ouya

OUYA has improved its native controller, but the packaging doesn’t show it

OUYA has improved its native controller, but the packaging doesn’t show it

The iterative, annualized OUYA video game console has fixed the longstanding latency problem with its native controller and made a few subtle but important physical changes to it, reports Polygon. The controller, which was released with OUYA 1.0 in April, had been slow to respond and didn't feel quite right, as reported by the new system's fans. The change was slipped into current OUYA system shipments quietly and without indication on the on-board marketing.

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OUYA placates disgruntled gamers with download store credit

OUYA placates disgruntled gamers with download store credit

OUYA is attempting to placate frustrated Kickstarter backers who didn't get their console before in-store availability began, offering free DISCOVER download store credit for anybody disgruntled. The runaway crowdsourcing success ran into shipping issues as it attempted to send out the final consoles ahead of general sales starting, leaving some backers waiting for their consoles; they, and anyone else who put money down on the original Kickstarter campaign but feels let down, can claim $13.37 of credit to buy games and other apps.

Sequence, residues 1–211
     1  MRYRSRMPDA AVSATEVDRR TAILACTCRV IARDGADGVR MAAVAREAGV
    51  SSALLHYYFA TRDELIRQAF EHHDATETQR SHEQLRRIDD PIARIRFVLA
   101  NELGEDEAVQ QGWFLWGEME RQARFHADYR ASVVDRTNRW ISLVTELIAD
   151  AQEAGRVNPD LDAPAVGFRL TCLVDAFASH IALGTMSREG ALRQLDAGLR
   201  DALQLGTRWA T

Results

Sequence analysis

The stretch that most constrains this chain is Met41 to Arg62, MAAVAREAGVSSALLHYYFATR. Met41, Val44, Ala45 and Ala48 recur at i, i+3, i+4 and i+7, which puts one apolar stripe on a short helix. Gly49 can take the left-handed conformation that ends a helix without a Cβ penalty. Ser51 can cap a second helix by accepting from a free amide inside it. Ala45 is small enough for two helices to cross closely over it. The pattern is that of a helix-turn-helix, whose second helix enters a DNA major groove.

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OUYA supplies steady as eBay price-gouge undermined

OUYA supplies steady as eBay price-gouge undermined

Android game console OUYA has survived its retail debut with mixed stock levels, with supplies of the $99 open-source gaming gadget still meeting demand and failing to lead to the usual eBay price gouging. The Kickstarter success went on sale in physical stores as well as through several online retailers for the first time yesterday, with Amazon in the US and UK quickly selling out. However, supplies elsewhere have been more stable.

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Mad Catz Project MOJO Android gaming console aims at OUYA with Tegra 4

Mad Catz Project MOJO Android gaming console aims at OUYA with Tegra 4

This week the folks at Mad Catz have made it clear that they'll be joining the Android In The Living Room fad with a gaming console known as Project MOJO. This device will take on a form not unlike the gaming console known as OUYA and will also be going into competition with the BlueStacks machine GamePop. Each of these machines have one thing in common: they're relying on Google's mobile operating system Android to do the software work.

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